Supreme Court unanimously rules against Electoral Bonds case

 February 18, 2024

In a landmark decision, the Supreme Court of India has unanimously declared the Electoral Bonds scheme unconstitutional, citing violations of the right to information (RTI) and Article 19.

Chief Justice of India (CJI) DY Chandrachud emphasized the unity among the five-judge bench, with slight differences in reasoning between himself and Justice Sanjiv Khanna.

The ruling

The bench, comprising the CJI, Justices Sanjiv Khanna, BR Gavai, JB Pardiwala, and Manoj Misra, presided over the matter.

CJI Chandrachud contended that anonymous electoral bonds undermine the right to information and freedom of expression (Article 19(1)(a)), expressing concerns about transparency in political funding.

The court ruled the amendment to the Companies Act, allowing unrestricted corporate political funding, as unconstitutional.

It highlighted the potentially greater influence of corporate contributions on the political process compared to individual donations.

The state bank

The State Bank of India, the bonds' issuer, was directed to cease issuing electoral bonds. Additionally, it must provide details of bond donations and their respective political recipients to the Election Commission by March 6.

The Election Commission was instructed to disclose all electoral bond details on its official website by March 13. Unused bonds will be refunded to the purchaser's account following this disclosure.

The court rejected claims that the electoral bonds scheme combats illicit funds flow, stressing the need to balance privacy and transparency in political contributions.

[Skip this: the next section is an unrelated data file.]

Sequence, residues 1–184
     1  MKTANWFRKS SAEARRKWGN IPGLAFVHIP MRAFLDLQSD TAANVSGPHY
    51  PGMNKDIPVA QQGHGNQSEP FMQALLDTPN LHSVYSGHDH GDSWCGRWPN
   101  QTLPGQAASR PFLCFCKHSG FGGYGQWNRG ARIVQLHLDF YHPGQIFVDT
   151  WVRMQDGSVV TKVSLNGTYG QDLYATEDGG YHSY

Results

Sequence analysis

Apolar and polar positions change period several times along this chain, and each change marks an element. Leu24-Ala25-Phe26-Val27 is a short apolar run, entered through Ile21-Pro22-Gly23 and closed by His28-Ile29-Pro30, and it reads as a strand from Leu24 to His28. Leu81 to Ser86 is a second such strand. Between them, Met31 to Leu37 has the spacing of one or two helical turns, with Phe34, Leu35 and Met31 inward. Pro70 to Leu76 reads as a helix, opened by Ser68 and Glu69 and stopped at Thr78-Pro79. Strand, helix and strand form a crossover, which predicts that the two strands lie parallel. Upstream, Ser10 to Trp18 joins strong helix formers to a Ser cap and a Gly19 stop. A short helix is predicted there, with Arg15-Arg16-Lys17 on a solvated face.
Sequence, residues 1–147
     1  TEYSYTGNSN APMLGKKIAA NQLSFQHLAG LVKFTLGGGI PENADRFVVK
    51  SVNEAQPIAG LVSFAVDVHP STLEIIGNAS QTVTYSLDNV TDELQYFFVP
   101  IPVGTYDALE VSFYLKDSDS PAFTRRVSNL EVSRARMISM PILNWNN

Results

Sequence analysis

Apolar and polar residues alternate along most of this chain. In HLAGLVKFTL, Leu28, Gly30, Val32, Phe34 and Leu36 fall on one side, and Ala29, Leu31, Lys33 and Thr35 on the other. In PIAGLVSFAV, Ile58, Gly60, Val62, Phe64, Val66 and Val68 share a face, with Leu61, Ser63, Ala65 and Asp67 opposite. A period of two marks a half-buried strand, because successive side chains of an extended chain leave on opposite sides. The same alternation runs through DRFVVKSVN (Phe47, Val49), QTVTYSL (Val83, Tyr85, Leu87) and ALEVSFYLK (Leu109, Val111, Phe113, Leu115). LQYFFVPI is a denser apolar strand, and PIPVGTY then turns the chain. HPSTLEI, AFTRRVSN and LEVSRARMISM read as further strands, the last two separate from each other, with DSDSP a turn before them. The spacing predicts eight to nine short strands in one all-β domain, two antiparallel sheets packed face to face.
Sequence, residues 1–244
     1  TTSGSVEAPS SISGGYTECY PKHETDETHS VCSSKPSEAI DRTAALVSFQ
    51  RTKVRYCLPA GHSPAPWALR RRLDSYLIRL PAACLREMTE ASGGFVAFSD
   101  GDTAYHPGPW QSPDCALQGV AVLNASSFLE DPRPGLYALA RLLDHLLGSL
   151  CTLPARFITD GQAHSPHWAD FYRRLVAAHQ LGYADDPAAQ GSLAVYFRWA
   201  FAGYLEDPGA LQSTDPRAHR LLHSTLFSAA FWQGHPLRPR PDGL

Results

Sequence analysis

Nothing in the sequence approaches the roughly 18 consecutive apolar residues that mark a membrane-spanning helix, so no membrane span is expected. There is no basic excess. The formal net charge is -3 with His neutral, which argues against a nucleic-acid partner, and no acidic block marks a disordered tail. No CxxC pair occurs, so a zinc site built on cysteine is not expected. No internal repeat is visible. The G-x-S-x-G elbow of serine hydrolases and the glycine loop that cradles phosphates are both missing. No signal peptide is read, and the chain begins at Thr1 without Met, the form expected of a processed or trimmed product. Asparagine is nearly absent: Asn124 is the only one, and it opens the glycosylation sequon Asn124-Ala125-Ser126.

Electoral Bonds Scheme

Introduced on January 2, 2018, the scheme allowed anonymous contributions to political parties through bearer bonds from the State Bank of India.

These interest-free bonds, available in denominations from Rs 1,000 to Rs 1 crore, were established via the Finance Act of 2017, amending various statutes.

"At a primary level, political contributions give a seat at the table to contributors, i.e., it enhances access to legislators. This access also translates to influence over policymaking. There is also a legitimate possibility that financial contributions to a political party would lead to quid pro quo arrangement because of the close nexus between money and politics," reported.

Petitioners argued the scheme compromised citizens’ right to information about political funding sources under Article 19(1)(a). Senior advocate Prashant Bhushan claimed the opaque nature of the instrument facilitated corruption.

Attorney General R Venkataramani defended the scheme, asserting Article 19(1)(a) does not guarantee absolute right to fund source information. He argued the scheme promoted transparency, clean funds, and tax compliance, asserting its compatibility with existing rights.

" A free people [claim] their rights, as derived from the laws of nature."
Thomas Jefferson
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